Tree of Knowledge
In the Bhagavad Gita, Krishna says, “Daivi hyesa guna-mayi mama maya duratyaya mam eva ye prapadyante mayam etam taranti te” . This means, “Hey Arjuna, I have tied you up in this janma, it’s impossible for you to break from the ties in this lifetime. Only one who gets hold of my feet crosses this ocean of samsara (the vicious cycle of birth and death)”.
While we are born out of our karma (deeds), the Lord takes incarnations out of His sowseelyam (the quality of the Supreme to come down and mingle with us – the inferior ones). In His Krishna avatar, what a wonder He not only steals butter but also our hearts. As everything is His, can Krishna’s act of stealing butter act be labelled as mere stealing? Rather, every act of His has an in-depth message to us. Butter represents atma (soul) and the pot symbolises samsara. So here Krishna takes our atma by breaking our ties from samsara to give us eternal bliss in Vaikunda. In this article, we shall probe into the hidden meaning of Krishna’s acts.
Dispelling the Darkness of Ignorance
The first demon sent by Kamsa to slay Krishna was Putana. The wicked Putana disguised in the form of a beautiful woman entered Gokulam with the intention to feed poisoned milk to baby Krishna. While mother Yasodha was away, Putana took baby Krishna and started to feed Him. He was so hungry that he sucked the milk as well as her life.
Here, Puthana’s breasts stand for ahankara (sense of ‘I’) and mamakara (sense of ‘mine’). Thus, Krishna sucks ignorance (of knowledge about the Supreme and of one’s true nature), kills ahankara and mamakara, and liberates us from samsara.
Getting Rid of the Samsaric Wheel
When Yasodha laid baby Krishna in the cradle near a cart, another demon named Sakatasuran got into the wheels of the cart with the intention to crash the cradle and thereby kill Krishna. When the wheels rolled towards Krishna, He kicked the wheels with His feet and the demon was annihilated.
Thus, His lotus feet are the only solace for us to get rid of this wheel of life.
Andal (female saint-poet 3000 BC from South India) in her hymns ‘Thiruppavai’ has sung thus:
“Andru ivvulagam alandhai ! adi pottri,
Sendranguth thennilangai chettrai ! thirall pottri,
Pondrach sakadam udathaai ! pugazh pottri.”
That day you measured this world (in Thiruvikraman avatar) ! glory to your feet,
You went to Lanka and vanquished its ruler (Ravana) ! glory to your valour,
You kicked the demon Sakatasuran ! glory to your fame.
In first two verses, Andal hails the Lord’s feet consecutively – for He has measured this world and since He has walked all the way to Lanka during Rama avatar. Surprisingly, in the very next verse, Andal didn’t hail Lord’s feet for slaying the demon Sakatasuran (though the feet aided Him) rather she sings glory to His fame. The reason is, Andal’s heart goes out to the compassion of Lord’s feet to the extent that she diverts our amazement at baby Krishna’s lotus feet. Her feeling to protect the Omnipotent emanates out of immense love for the Lord.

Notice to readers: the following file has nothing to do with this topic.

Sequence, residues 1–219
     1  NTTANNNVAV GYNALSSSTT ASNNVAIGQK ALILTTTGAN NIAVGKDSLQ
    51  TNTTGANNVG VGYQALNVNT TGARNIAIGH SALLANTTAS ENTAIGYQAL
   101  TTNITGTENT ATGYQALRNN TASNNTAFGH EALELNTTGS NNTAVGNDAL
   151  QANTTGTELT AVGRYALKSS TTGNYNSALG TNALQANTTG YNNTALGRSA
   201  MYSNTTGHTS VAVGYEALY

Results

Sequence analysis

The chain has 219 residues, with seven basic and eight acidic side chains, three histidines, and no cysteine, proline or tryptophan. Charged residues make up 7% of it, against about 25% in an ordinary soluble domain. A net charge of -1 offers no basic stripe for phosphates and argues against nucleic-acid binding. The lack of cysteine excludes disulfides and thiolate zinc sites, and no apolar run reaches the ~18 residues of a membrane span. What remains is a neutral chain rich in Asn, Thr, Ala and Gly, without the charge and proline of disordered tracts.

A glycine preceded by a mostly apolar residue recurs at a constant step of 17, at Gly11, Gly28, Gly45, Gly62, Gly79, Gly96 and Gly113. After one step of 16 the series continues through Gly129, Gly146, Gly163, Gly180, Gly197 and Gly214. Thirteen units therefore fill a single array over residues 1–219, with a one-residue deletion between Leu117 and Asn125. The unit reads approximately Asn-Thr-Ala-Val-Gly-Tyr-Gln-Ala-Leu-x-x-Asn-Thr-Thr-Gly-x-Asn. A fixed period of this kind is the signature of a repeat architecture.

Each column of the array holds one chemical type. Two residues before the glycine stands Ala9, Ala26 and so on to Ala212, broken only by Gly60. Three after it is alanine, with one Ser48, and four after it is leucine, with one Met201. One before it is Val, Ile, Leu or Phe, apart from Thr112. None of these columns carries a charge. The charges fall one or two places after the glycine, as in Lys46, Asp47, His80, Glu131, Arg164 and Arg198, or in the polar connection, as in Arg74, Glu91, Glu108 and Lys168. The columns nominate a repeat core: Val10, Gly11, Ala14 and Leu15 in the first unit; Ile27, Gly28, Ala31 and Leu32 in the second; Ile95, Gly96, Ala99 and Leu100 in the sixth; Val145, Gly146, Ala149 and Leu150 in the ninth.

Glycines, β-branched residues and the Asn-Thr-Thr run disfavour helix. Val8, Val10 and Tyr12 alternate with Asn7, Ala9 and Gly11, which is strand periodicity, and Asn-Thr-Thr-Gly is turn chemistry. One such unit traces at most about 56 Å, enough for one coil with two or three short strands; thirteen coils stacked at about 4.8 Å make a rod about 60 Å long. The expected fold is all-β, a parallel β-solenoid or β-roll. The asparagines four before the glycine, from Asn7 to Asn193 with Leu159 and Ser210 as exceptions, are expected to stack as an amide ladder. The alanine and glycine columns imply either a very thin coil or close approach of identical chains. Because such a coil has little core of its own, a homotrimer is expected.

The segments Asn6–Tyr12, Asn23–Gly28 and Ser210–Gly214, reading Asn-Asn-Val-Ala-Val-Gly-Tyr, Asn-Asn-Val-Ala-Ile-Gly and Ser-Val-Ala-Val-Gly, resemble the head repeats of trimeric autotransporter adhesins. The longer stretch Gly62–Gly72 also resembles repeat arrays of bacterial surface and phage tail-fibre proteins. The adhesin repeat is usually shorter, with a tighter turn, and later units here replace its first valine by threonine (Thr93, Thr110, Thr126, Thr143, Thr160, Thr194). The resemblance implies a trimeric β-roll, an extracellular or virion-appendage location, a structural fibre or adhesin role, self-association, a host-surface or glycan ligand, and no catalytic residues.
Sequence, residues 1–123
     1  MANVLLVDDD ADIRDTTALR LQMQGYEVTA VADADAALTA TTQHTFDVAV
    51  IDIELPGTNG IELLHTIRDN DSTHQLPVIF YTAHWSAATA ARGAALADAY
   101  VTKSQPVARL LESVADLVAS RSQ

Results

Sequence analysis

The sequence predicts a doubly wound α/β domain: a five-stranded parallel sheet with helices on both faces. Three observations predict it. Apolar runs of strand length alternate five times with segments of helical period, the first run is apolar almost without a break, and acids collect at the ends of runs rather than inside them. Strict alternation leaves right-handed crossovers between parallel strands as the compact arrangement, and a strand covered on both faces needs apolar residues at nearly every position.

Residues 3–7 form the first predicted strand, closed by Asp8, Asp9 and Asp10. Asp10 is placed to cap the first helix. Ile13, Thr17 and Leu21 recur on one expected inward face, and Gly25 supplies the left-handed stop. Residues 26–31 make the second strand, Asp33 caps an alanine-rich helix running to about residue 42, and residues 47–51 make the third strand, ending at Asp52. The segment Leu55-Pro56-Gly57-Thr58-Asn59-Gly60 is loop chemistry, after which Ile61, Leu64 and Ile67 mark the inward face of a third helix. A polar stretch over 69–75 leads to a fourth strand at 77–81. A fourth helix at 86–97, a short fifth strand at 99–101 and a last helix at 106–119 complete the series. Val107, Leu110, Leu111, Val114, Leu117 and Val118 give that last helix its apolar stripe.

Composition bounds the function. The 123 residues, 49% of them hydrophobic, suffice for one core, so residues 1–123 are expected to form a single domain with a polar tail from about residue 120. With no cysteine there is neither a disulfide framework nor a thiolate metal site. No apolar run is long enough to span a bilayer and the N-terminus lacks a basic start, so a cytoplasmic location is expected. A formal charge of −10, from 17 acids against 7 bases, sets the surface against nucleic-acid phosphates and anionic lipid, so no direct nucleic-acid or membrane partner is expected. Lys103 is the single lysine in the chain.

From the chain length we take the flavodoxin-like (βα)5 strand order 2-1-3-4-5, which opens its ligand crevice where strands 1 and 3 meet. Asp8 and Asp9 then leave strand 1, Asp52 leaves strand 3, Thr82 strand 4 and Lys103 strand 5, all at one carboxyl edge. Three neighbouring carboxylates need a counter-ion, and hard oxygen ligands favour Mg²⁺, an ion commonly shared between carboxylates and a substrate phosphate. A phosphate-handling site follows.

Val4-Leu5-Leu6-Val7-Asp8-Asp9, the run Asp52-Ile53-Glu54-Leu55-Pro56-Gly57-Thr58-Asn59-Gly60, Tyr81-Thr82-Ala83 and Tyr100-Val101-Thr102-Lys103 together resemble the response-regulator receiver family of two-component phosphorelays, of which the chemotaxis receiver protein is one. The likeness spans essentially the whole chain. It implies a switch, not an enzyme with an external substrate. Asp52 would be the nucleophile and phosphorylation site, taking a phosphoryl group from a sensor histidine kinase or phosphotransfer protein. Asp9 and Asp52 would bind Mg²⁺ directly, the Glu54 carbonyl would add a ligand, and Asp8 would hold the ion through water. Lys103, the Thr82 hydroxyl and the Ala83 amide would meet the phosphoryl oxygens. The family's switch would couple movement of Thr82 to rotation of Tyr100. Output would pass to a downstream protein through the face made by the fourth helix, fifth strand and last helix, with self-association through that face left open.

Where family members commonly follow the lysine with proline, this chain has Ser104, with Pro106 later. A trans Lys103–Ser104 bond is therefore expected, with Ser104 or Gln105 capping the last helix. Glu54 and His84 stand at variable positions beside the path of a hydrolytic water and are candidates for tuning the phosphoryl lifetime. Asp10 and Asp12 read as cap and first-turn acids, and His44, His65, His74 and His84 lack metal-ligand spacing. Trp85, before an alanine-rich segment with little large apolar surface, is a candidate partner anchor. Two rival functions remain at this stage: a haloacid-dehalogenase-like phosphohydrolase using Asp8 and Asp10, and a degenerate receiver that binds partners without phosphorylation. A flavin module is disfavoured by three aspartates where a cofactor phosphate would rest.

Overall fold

Trapped on the Whirl
One day, mother Yashoda had left baby Krishna in the courtyard all by Himself. Just then, another demon Trinavarta arrived in the form of a whirlwind and flew away with the child. Raising a swirl of dust, the whirlwind-demon skyrocketed higher and higher into the sky. Trinavarta tried to carry the baby on his shoulders, but Krishna made himself hefty. Unable to bear baby Krishna’s weight, he was forced to come down on the ground. And Krishna got of Trinavarta’s neck and knocked him down.
It means, for prathikoolar (one who rebels against Him) he becomes heavy. Whereas, for anukoolar (one who longs for Him) he makes Himself light. Otherwise, would it have been feasible for mother Yasodha to tie baby Krishna (the Omnipotent) to a mortar with a mere rope? This is a splendid display of His sowlabyam (simplicity) in contrast to His paratuvam (unparalleled supreme self)!
Similarly, He rescues us from this whirl of birth and death cycle.
The Internal Enemies
When the people of Gokulam suffered from the atrocities of five-headed snake Kalinga in the Yamuna river, young Krishna plunged into the river and began to dance on the each of its rising hoods. The pressure of Krishna’s feet suppressed the pride of the snake. While Kalinga was staggering towards death, his wives prostrated before Krishna to spare his life. Thus, Krishna banished Kalinga to the ocean.
This indicates the effort needed to suppress the human senses that distract one from the pursuit of virtues and higher values of life. The hood symbolizes – Kama (lust), krotha (anger), moha (attachment), mada (pride ) and matsarya (greed). Only with His grace we can win over these internal enemies.
In the Bhagavad Gita, Lord Krishna says that the person who understands His incarnations and His actions during those incarnations, will attain eternal bliss. Such is the greatness of secrets of His incarnations.
* Published in print edition on 23 August 2019